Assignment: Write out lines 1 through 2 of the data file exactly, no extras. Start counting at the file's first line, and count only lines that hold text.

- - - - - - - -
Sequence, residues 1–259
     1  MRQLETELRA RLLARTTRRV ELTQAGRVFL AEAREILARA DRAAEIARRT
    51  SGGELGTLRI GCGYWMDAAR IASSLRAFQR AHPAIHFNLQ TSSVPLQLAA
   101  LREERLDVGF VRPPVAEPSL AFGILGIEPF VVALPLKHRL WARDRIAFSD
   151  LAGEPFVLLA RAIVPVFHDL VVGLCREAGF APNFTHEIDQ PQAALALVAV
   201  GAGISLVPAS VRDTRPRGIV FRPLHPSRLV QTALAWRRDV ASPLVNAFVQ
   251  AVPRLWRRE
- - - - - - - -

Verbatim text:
Sequence, residues 1–259
     1  MRQLETELRA RLLARTTRRV ELTQAGRVFL AEAREILARA DRAAEIARRT